BULLYING CAN BE DISGUISED AS DISCRIMINATION
Telling your story is the best place to start. At Anderson Gray, we’ve helped many people who have been discriminated against in the workplace.
WHAT IS DISCRIMINATION?
Broadly speaking, discrimination is less favourable treatment of a person because of a particular characteristic or “identifiable attribute”.
Put another way, if you are treated less favourably (than someone without your identifiable attribute) in the workplace because of one or more of the following attributes, then you will have been discriminated against at work.
The list of identifiable attributes generally includes:
- family responsibilities (responsibility to care for or support a child or other member of immediate family);
- gender identity (a person identifies as a member of the opposite sex, or is of indeterminate sex and seeks to live as a member of a particular sex);
- impairment (covers most physical and psychological conditions, and includes reliance of a guide, hearing, or assistance dog, wheelchair or other remedial device, as well as present and past impairments);
- lawful sexual activity (a person’s status as a lawfully employed sex worker, whether or not self-employed);
- parental status (includes being a step-parent, adoptive parent, foster parent, or guardian);
- political belief or activity;
- race (includes colour, descent, ethnic origin, and nationality or national origin);
- religious belief or activity (includes not holding a religious belief, and not engaging in lawful religious activity);
- sexualiity (heterosexuality, homosexuality or bisexuality);
- trade union activity;
- association with, or relation to, a person identified on the basis of any of the above attributes;
Please note that some exemptions can apply and so careful consideration of the facts of the alleged discrimination needs to be undertaken before a complaint is filed.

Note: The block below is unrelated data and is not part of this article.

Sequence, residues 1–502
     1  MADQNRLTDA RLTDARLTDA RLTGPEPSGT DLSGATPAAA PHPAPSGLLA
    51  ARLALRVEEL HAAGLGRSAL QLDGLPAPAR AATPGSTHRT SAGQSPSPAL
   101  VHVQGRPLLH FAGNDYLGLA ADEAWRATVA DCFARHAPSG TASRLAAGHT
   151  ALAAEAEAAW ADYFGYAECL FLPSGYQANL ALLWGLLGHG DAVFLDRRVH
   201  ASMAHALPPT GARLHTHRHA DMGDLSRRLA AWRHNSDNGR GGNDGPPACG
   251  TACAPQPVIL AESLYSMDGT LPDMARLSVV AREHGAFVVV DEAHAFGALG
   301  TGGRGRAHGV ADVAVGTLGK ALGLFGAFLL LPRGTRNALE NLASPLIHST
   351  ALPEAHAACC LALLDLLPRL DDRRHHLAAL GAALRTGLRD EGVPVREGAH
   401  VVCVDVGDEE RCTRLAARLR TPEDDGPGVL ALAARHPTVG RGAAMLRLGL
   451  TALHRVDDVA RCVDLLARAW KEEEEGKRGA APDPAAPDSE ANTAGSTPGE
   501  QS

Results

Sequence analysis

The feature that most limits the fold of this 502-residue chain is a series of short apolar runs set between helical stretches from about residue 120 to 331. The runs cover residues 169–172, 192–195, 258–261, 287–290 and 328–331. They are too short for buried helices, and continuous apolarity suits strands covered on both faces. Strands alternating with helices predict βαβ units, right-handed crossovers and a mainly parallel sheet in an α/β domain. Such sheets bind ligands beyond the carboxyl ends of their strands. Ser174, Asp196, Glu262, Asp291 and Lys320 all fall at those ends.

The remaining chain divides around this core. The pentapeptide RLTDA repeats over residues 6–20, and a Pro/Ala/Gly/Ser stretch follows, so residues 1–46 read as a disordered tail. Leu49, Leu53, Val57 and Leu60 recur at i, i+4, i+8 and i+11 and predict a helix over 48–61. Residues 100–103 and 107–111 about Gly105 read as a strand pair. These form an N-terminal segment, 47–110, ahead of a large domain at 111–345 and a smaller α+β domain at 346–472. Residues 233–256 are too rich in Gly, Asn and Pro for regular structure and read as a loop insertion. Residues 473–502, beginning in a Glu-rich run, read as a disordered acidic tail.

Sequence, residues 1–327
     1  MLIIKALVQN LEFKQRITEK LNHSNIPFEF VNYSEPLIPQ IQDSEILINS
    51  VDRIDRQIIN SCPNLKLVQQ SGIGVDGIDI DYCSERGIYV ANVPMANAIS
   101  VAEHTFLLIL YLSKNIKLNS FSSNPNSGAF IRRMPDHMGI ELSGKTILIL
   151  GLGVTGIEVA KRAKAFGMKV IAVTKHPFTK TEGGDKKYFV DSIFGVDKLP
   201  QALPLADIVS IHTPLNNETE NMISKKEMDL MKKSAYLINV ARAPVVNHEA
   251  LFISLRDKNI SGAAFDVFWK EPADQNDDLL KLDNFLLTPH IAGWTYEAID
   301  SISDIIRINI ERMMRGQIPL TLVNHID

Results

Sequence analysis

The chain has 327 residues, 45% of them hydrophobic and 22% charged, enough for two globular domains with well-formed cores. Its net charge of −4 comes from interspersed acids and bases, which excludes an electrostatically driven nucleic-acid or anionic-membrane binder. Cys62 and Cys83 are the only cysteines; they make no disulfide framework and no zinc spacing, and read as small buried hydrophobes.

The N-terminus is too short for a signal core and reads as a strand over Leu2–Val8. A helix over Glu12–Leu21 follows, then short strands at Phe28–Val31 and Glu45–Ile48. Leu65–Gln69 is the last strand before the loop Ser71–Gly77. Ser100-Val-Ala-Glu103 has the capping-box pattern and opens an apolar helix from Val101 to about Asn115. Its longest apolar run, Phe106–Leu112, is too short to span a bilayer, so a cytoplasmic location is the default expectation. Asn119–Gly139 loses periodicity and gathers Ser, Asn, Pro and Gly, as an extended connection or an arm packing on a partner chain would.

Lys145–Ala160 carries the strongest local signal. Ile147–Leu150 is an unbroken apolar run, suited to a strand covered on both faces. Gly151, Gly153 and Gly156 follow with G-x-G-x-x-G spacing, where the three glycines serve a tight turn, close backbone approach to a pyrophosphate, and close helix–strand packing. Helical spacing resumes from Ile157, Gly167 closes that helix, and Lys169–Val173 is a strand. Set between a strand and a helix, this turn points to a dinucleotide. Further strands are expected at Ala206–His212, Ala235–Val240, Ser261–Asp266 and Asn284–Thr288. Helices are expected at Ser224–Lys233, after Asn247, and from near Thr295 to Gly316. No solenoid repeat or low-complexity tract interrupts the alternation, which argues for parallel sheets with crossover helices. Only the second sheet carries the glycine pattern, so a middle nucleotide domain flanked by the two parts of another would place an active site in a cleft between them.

What happens if I have a genuine complaint?
The first steps will depend on which state you live in but will generally involve an application or complaint being made to your State’s anti-discrimination body. There are usually time limits that apply to making this application. Once that application is made the relevant body will provide an opportunity for your case to be heard and attempt to achieve a resolution between you and your employer.
Alternatively, applications for discrimination can also be commenced in the Australian Human Rights Commission (AHRC) or the Fair Work Commission and ultimately be determined by the Federal Circuit Court of Australia. Please note that different time limits apply – for example, a complaint to the AHRC, should be made within 6 months of the date of the discriminatory conduct.
And remember – you don’t have to be dismissed from work to commence a claim for discrimination.
How is it resolved?
Discrimination complaints can be resolved in many ways, but some of the solutions provided may include:
- compensation – there is no cap on compensation claims, although relevant case law is used by the court and commission to determine an appropriate amount of compensation;
- an apology;
- re-training for specified employees; and/or
- a review of policies and procedures.
WHAT OUR CLIENTS SAY
“Thanks again for a good result! Your ability to remain calm and professional in this very uncomfortable situation is much appreciated…” – A.A.
“I’d like to thank you for taking on my case. It was a situation I never thought I would find myself in and I was very emotional throughout the process…” – T.B.
“I want to say thank you for your help and support during the case. I very much appreciate what you did and in some way I had the feeling of going back to my normal life…” – M.C.